In the 2014 NBA Finals, the Miami Heat are yet again facing the San Antonio Spurs. Leading up to the championship series, much of the talk surrounding the teams was about their history: one team looking to complete a very rare three-peat, while the other is trying overcome a devastating loss in 2013 while solidifying themselves as arguably the greatest NBA franchise of the 21st Century thus far.
This is the narrative that we've listened to ever since the Heat and the Spurs made it to this point. Yet what sometimes gets lost in the mix is what got these guys here:
Veteran leadership, and a whole lot of it.
Both Miami and San Antonio don't lack in a whole lot of areas, but one place they definitely excel in is headship. It's the type of characteristic that you can't ever have too much of, and it's certainly something that every team values enormously. Just ask the Indiana Pacers.
More specifically, where these veterans really shine is off the bench. Miami -- the oldest team in the NBA -- has a variety of "been there, done that" players that play smaller minutes, including Ray Allen, Udonis Haslem, Rashard Lewis and sometimes even Shane Battier (depending on the rotation). San Antonio has a plethora of guys that are the same: Manu Ginobili (who could be the greatest sixth man ever), Boris Diaw, etc. Each understands their role and expectations, a skill that's not always easy to find in the Association and a main component to the Spurs being up 1-0.
Across the country and back in Portland, there's obviously a tremendous amount to be happy about upon reflection of last year: two All-NBA performers, a starting unit that made tremendous strides as a group and some young players starting to understand their identity as players. But even above these things, Portland gained some valuable playoff experience -- something that is irreplaceable, and the ingredient it took for Miami and San Antonio to get to the point they're currently at.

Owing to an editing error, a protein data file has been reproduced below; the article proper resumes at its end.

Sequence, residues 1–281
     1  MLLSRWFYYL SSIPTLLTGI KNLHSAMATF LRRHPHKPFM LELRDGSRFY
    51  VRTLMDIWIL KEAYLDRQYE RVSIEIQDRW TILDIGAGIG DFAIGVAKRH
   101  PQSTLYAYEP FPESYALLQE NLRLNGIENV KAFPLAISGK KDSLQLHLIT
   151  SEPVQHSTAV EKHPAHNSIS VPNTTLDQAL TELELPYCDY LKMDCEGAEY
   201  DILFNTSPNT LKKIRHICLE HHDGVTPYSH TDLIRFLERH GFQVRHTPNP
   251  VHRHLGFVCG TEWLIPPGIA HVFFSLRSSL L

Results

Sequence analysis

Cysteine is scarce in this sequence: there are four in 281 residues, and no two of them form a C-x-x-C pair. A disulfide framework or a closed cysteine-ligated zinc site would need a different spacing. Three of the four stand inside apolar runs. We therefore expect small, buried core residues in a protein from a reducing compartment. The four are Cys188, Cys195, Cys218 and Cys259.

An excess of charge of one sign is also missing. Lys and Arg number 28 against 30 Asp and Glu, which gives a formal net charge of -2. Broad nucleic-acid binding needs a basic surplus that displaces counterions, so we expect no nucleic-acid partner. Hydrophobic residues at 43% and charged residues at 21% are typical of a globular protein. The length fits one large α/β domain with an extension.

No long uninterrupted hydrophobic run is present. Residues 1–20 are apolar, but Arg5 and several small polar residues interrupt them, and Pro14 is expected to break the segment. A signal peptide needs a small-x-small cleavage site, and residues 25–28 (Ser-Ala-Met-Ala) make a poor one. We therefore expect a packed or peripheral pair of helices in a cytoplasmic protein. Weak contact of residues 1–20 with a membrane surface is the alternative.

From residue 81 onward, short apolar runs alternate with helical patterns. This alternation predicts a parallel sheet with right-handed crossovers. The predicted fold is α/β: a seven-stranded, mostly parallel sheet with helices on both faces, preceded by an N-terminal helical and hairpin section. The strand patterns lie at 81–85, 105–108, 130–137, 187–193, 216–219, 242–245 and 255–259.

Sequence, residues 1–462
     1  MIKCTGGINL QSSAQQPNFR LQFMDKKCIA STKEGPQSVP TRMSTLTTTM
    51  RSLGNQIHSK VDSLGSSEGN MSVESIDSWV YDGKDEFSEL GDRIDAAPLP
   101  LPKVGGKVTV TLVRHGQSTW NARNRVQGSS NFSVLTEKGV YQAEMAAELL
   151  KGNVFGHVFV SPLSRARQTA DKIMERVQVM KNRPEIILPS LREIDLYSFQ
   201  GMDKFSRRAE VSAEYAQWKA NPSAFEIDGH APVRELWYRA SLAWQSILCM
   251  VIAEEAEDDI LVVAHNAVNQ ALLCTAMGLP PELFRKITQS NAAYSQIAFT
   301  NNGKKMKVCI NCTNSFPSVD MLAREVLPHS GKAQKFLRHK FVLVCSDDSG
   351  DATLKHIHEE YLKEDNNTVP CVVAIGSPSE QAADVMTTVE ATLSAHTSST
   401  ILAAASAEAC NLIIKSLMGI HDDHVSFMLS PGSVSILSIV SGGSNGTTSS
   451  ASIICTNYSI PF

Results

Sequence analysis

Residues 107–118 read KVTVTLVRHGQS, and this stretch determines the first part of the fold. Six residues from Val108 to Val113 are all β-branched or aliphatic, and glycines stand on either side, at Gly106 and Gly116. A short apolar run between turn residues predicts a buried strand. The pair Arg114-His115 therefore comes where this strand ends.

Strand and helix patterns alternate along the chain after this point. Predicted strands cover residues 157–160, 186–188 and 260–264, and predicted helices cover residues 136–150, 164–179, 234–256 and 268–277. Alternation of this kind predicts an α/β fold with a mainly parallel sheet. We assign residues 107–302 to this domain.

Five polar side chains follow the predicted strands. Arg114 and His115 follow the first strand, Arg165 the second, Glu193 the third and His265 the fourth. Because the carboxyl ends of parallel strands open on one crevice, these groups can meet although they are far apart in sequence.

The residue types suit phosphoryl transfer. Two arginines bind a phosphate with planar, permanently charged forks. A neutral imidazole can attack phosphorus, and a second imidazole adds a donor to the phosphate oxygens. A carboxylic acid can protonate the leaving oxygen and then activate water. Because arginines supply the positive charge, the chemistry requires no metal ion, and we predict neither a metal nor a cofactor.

One thing that Portland couldn't seem to shake, though, was their lack of bench play. With only a couple guys coming off the bench with more than a few years of experience, and a unit that was clearly outmatched by San Antonio, Portland was overwhelmed in that area more often than not.
Much of the conversation and finger-pointing following the end of the season was at Mo Williams, arguably Portland's most polarizing player. The on-court production was definitely inconsistent: from the imminent "What the heck were you thinking, Mo?" moments to hitting one of the biggest threes of the postseason. These inconsistencies on the court were obviously frustrating for all, but it was his off the court impact that may have been the greatest.
In Game Four of their series against Houston, Portland was down 10 points at halftime. They were also coming off a home loss in Game Three, and were at severe risk of blowing the two-game advantage they'd built on the road. Jason Quick captured the moment back in April, describing how, at halftime, Williams was the guy that called everyone out (himself included) at their lack of energy. He knew it wasn't who the team was, and he certainly knew it wasn't the type of play that was going to get Portland back into the game.